| Mary and François II
ELIZABETH AND MARY: COUSINS, RIVALS, QUEENS By Jane Dunn, HarperCollins, £ 13.50
Elizabeth I, born of desire and ambition, raised amidst uncertainty and bloodshed, was always first a ruler. A brilliant mind, she embodied the shrewd monarch, dependant on common sense and practicality, relying on her people for her power in times when the monarch still ruled by divine right. Her progressiveness was the product of inclination as much as necessity.
Mary Queen of Scots, a queen from the cradle, nurtured in the decadent splendour of a distant court, chose her mantle of a woman before that of a monarch. The treasured ward of France and future queen learnt her charm from the very people who were to abandon her. Back amongst the more swarthy Scots, she was forever to be a foreigner, alienated from her people till romanticism made her plight legendary. Childlike, she was to hanker after what was never hers until her ultimate destruction.
Elizabeth and Mary is a saga of two clashing matriarchs ruling neighbouring empires. The richness of this slice of history chosen by Jane Dunn offers a wealth of drama that can be explored extensively, one that has captured the imagination of people for 400 years. Feminine guile and political manoeuvring, emotional outbursts and poised diplomacy make for almost racy reading.
“Elizabeth and Mary,” writes Dunn in her preface, “is about the relationship between two queens, one that seemed, during their lifetimes, to evolve a life of its own.” The lack of any first-hand information — as the princesses had never met, according to Dunn — was the cause of the larger-than-life image each occupied in the imagination of the other, “becoming something superhuman”.
If Elizabeth’s childhood taught her that life was cheaply lost, and gave her little hope of ever becoming a ruler, it also created a hungry desperation for stability and an acute awareness of the fragility of her own power. The lives of her mother, stepmothers, brother and sister ended in violence. The young princess herself had to suffer imprisonment by her sister. Her legitimacy was in constant question and her right to succession suspect. After 25 years of uncertainty, she had no real reason to be smug in the knowledge that her right to the throne of England was ordained by god.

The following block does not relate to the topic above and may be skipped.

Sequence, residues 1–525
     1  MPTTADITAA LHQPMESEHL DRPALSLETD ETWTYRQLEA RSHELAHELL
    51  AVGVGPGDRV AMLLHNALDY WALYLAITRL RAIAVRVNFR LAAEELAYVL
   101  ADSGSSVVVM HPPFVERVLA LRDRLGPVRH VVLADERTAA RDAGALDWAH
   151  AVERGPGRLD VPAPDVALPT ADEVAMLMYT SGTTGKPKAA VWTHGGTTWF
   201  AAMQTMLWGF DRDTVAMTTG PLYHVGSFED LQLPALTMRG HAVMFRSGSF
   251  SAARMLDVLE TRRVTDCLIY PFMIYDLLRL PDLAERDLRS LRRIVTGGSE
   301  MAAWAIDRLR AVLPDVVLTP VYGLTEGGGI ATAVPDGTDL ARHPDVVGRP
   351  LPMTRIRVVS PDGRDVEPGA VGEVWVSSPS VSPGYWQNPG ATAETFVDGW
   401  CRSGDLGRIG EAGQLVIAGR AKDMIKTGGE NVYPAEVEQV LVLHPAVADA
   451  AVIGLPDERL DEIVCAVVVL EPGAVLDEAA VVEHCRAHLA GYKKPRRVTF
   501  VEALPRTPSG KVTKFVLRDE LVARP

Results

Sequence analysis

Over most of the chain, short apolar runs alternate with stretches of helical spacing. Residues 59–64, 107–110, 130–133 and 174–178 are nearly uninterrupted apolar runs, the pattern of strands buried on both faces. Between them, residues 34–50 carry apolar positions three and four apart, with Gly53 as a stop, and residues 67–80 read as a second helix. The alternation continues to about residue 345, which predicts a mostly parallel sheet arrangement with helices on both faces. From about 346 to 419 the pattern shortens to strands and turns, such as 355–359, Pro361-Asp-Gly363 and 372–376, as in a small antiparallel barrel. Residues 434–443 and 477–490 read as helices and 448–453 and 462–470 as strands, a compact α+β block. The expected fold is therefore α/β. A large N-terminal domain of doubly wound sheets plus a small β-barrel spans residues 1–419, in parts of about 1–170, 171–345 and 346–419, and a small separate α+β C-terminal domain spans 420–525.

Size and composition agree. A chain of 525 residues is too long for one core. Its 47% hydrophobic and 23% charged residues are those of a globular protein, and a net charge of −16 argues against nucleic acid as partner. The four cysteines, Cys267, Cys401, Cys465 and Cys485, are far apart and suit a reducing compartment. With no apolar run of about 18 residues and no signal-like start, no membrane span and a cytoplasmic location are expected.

Adored since infancy, removed from the domestic upheavals her mother braved, Mary’s emotional state could not have been more contrary. She was born to be a queen, having been crowned after her father’s sudden death when she was just five days old. When she was five years old, she was betrothed to the Dauphin of France, François. She had no reason to fear she would ever be anything but a revered sovereign.
There were thus a fundamental difference between the lives of these two remarkable women. The “Good Queen Bess” left the legacy of an astute rule spanning 45 years. Mary is, for the most part, remembered for her colourful, sinister love-life and an obsessive desire to unseat her cousin. Her actions rarely demonstrated any appreciation of the value of the Scottish crown that was rightfully hers.
That there was a deeper emotional connection between the two, despite all odds, is clear from the evidence of Elizabeth’s anguish at having to behead her cousin and fellow queen. This went beyond fear of political ramifications and the dent it would create in the absolute power of monarch, which mortals could not interfere with. Mary may have ceaselessly tried to remove her rival, but she also turned to her in her hour of need. Both moving communicators, they kept in touch through the worst of times.
Dunn’s book is not a history. She does draw in detail the life of both queens, but she leaves out their politics, in so far as it does not have a direct bearing on the central relationship. The author could have incorporated some of this. Dunn concentrates on the relationship — through letters and emissaries — between the two, their romantic associations, filial bonds and religious leanings. She explains this approach, writing in her preface: “I come to this book as a biographer, not a historian, believing that character largely drives events, explains motivations, and connects us to each other through centuries.” But while Mary’s rule is of less significance to an understanding of her character, so much of Elizabeth is to be understood through her public policy, not only her persona.
The work is structured chronologically, but the author unfortunately repeats the central points time and again, as the issues recur. Elizabeth and Mary would benefit much from a tighter editing. But adding value to the volume is a selection of illustrations of the neighbouring queens through the years, as well as close family. A chronology and a family tree — showing clearly the closeness of the blood ties between Elizabeth and all her challengers — are also useful tools.
Dunn sees Elizabeth as the orthodox reminder of England’s past glory, while Mary, “valuing pleasure over duty”, is seen as the one who has made the “modern sacrifice”. But this is to get lost in the romanticism of Mary’s charm and passion for life. Elizabeth stood her ground in her decision to rule — and that too without the acceptability-winning appendage of a husband — in a time when, as Dunn repeatedly points out, a woman monarch was seen as an aberration. She sacrificed her true love, Robert Dudley, choosing instead a lonely life, wedded to power. Her perseverance is a testament to her strength and conviction that she could prove her worth. She was a feminist much before the term ceased to be an insult. Mary was a victim of her own headstrong passions, and that cannot be hailed as any kind of sacrifice.